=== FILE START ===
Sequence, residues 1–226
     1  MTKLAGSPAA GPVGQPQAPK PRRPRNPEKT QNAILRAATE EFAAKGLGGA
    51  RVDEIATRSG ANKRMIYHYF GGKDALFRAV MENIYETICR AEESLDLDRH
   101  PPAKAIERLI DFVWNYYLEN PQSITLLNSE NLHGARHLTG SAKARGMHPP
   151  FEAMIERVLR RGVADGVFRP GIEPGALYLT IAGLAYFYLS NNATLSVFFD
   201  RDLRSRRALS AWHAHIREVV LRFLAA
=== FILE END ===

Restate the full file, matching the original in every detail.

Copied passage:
Sequence, residues 1–226
     1  MTKLAGSPAA GPVGQPQAPK PRRPRNPEKT QNAILRAATE EFAAKGLGGA
    51  RVDEIATRSG ANKRMIYHYF GGKDALFRAV MENIYETICR AEESLDLDRH
   101  PPAKAIERLI DFVWNYYLEN PQSITLLNSE NLHGARHLTG SAKARGMHPP
   151  FEAMIERVLR RGVADGVFRP GIEPGALYLT IAGLAYFYLS NNATLSVFFD
   201  RDLRSRRALS AWHAHIREVV LRFLAA